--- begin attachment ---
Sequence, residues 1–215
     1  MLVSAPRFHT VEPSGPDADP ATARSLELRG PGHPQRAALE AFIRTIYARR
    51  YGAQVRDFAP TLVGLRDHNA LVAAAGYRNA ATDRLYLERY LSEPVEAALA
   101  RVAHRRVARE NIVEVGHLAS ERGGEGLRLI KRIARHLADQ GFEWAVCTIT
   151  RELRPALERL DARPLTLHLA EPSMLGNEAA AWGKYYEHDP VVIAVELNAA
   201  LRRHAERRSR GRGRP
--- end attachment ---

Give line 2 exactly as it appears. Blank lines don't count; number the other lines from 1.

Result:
     1  MLVSAPRFHT VEPSGPDADP ATARSLELRG PGHPQRAALE AFIRTIYARR